The time tracker helps us plan our time more efficiently—we get a good overview of how much time we’re spending on what, and we can make realistic estimates for future projects. Once I’ve finished my task, I’ll move it to the QA column in Ora.


I spend the last hour of the day tying up any loose ends and getting ready for tomorrow.

I’ll check the projects that I submitted before lunch to see if they’ve been reviewed yet. If they have, I’ll go through the feedback and apply all the changes requested, and then re-submit for further review. I’ll then attend to any bug fixes or requests from the other developers, and review any code that has been submitted.

If I have time, I like to end the day by watching a video tutorial. At the moment, I’m learning about frontend testing with Jest, a testing framework for the language JavaScript.


Around six, I close my laptop and head home. I generally don’t work overtime unless there’s something really urgent to deal with.

As long as I’ve wrapped everything up and know what I’m doing the next day, I’m ready to leave on time.

6.30pm onwards

Some evenings, I’ll work on freelance projects after I’ve had dinner and spent some time with my family.

Otherwise, I like to unwind by watching TV or playing piano. Generally, I try to take a break from programming—however, ideas often come to me as I’m in bed falling asleep, so I grab my phone, type out a quick email to myself and send it to my work address.

I don’t have my work email or calendar on my phone, as I prefer to have some separation and try to leave my work in the office as much as I can.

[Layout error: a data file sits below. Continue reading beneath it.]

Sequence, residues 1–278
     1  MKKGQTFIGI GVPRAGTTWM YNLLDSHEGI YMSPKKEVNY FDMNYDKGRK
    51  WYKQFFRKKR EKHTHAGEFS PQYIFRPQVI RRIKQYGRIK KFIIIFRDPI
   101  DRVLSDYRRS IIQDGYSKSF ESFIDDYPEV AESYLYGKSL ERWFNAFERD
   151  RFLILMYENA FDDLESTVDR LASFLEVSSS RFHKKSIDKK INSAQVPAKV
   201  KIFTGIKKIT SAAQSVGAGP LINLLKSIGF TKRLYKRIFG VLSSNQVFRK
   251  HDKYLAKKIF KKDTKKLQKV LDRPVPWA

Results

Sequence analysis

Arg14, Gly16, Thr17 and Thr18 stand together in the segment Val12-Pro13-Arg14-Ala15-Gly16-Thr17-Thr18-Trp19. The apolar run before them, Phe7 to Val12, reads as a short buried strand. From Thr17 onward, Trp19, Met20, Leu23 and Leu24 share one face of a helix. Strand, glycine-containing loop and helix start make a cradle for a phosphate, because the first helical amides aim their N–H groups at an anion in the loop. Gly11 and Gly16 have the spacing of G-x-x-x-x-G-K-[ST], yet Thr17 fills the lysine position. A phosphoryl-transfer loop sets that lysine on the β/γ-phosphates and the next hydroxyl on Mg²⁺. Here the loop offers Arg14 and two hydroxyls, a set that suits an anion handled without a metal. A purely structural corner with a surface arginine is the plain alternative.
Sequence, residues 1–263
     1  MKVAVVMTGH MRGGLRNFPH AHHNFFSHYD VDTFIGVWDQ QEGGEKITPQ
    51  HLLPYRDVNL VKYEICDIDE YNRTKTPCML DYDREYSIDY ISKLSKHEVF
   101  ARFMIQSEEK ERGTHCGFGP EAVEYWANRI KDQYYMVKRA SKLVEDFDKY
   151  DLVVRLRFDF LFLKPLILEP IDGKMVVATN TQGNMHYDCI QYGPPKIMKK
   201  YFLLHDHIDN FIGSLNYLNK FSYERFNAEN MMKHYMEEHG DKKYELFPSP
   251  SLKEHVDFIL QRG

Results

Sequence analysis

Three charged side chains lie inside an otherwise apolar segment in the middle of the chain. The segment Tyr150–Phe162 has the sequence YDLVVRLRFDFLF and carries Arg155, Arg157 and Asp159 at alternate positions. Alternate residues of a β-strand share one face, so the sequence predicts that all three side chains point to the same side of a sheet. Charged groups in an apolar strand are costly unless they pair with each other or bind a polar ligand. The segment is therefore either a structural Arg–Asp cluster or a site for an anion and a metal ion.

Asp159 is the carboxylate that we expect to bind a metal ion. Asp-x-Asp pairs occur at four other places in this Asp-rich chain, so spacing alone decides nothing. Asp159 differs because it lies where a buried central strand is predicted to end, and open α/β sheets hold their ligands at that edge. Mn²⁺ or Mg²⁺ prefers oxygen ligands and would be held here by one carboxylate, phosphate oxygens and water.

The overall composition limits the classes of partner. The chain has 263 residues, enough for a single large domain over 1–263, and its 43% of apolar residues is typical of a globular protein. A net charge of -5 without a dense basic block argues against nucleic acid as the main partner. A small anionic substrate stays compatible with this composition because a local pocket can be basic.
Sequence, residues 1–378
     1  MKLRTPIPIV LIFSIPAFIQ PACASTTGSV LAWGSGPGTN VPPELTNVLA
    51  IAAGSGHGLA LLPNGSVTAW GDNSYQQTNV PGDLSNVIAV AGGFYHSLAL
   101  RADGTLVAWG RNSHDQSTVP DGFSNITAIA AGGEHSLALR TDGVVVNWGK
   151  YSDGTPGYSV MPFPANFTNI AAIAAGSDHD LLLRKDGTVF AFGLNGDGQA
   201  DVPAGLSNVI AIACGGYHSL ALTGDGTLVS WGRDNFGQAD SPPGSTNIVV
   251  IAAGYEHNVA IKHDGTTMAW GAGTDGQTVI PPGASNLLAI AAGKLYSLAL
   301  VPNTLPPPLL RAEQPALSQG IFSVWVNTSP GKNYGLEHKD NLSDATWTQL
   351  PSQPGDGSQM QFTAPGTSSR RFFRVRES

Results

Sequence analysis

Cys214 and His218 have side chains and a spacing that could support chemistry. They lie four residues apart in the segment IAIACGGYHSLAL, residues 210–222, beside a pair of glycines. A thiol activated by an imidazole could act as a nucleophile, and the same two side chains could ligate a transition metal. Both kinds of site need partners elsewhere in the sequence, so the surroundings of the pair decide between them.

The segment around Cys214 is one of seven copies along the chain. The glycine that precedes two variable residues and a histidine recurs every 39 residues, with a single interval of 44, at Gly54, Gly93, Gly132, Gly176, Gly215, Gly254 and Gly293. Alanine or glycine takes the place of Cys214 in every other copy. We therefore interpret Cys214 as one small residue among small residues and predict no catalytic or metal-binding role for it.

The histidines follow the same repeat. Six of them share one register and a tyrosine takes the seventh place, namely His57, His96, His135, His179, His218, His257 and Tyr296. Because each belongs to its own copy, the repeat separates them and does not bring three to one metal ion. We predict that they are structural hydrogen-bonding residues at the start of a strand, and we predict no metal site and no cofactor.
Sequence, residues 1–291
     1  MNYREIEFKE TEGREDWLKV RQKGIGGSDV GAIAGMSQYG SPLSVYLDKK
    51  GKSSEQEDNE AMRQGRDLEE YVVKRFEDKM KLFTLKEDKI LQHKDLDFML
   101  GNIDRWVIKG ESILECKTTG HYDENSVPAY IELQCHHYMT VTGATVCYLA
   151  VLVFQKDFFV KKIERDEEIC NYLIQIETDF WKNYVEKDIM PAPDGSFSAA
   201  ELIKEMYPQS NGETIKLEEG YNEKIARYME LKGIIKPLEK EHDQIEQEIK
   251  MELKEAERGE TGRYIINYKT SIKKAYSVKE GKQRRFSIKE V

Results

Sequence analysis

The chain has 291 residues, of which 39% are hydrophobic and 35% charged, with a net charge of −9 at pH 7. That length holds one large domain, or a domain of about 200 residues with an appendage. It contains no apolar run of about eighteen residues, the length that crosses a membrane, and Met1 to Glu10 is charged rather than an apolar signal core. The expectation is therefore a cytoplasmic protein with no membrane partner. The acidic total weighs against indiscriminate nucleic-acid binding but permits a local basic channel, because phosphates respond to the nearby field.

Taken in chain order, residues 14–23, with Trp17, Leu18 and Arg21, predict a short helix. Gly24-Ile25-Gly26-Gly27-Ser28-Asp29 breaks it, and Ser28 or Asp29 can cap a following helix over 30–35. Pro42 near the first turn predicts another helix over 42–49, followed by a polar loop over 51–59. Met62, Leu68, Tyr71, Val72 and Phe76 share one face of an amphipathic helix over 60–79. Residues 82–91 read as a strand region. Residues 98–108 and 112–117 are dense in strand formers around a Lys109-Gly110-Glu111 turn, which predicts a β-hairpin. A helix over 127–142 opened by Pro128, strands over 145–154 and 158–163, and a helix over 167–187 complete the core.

The day in review

Reflecting on a typical working day, I’d say I spend 50% of my time on project work, 25% in meetings and on general communication, and the remaining 25% working on immediate requests and bugs.

My daily toolkit consists mainly of Ora the project management tool, Slack and Gmail for internal communication, GitHub for code version control, Atom for text editing, Google Keep for note-taking, Zeplin and Sketch for design hand-off, and Google Drive for anything miscellaneous.

The biggest challenge to my productivity on a daily basis is definitely the ad-hoc requests I get from other teams. Slack can be really distracting, but it’s also a communications tool we just couldn’t do without.

It’s important to manage other people’s expectations and to balance the act of responding to urgent error reports, and knowing when to shut yourself off and focus on the larger projects.

Finally, I wouldn’t be nearly as effective at my job if I didn’t like our product. Being passionate about what the company does keeps me motivated from day to day: I go to work each morning knowing that what I’m working on has a direct and visible impact. I can see things improving as a result of my work, and that’s really satisfying.


I hope you enjoyed reading about Sam’s day, and got a lot of insights into what a programmer’s day-to-day is actually like.

If you were intrigued want to learn more about web development, then why not try it for yourself? Try our free 5-day coding short course to see if the life as a web developer could be for you. In it, you’ll get to grips with building and styling your first website with the languages HTML, CSS, and adding functionality with JavaScript.

Just want to read more about the world of coding? Check out these articles:

What You Should Do Now

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  2. Take part in one of our FREE live online web development events with industry experts, and check out recent graduate Tanimara’s successful career-change story.

  3. Become a qualified web developer in just 5-10 months—complete with a job guarantee.

  4. This month, we’re offering a partial scholarship worth up to $1,365 off on all of our career-change programs to the first 100 students who apply 🎉 Book your application call and secure your spot now!